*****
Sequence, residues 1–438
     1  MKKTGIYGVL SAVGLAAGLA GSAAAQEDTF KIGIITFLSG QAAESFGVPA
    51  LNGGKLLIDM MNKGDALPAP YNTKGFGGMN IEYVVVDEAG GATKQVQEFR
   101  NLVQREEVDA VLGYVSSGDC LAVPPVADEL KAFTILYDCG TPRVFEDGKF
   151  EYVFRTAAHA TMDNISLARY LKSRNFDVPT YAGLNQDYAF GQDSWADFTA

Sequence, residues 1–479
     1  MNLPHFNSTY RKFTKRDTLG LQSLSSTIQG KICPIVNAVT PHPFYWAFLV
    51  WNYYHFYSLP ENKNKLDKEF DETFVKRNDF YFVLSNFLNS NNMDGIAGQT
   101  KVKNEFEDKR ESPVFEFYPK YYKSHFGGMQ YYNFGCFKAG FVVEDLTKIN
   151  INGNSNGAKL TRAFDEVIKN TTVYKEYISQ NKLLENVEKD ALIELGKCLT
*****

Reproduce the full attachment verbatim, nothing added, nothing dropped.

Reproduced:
Sequence, residues 1–438
     1  MKKTGIYGVL SAVGLAAGLA GSAAAQEDTF KIGIITFLSG QAAESFGVPA
    51  LNGGKLLIDM MNKGDALPAP YNTKGFGGMN IEYVVVDEAG GATKQVQEFR
   101  NLVQREEVDA VLGYVSSGDC LAVPPVADEL KAFTILYDCG TPRVFEDGKF
   151  EYVFRTAAHA TMDNISLARY LKSRNFDVPT YAGLNQDYAF GQDSWADFTA

Sequence, residues 1–479
     1  MNLPHFNSTY RKFTKRDTLG LQSLSSTIQG KICPIVNAVT PHPFYWAFLV
    51  WNYYHFYSLP ENKNKLDKEF DETFVKRNDF YFVLSNFLNS NNMDGIAGQT
   101  KVKNEFEDKR ESPVFEFYPK YYKSHFGGMQ YYNFGCFKAG FVVEDLTKIN
   151  INGNSNGAKL TRAFDEVIKN TTVYKEYISQ NKLLENVEKD ALIELGKCLT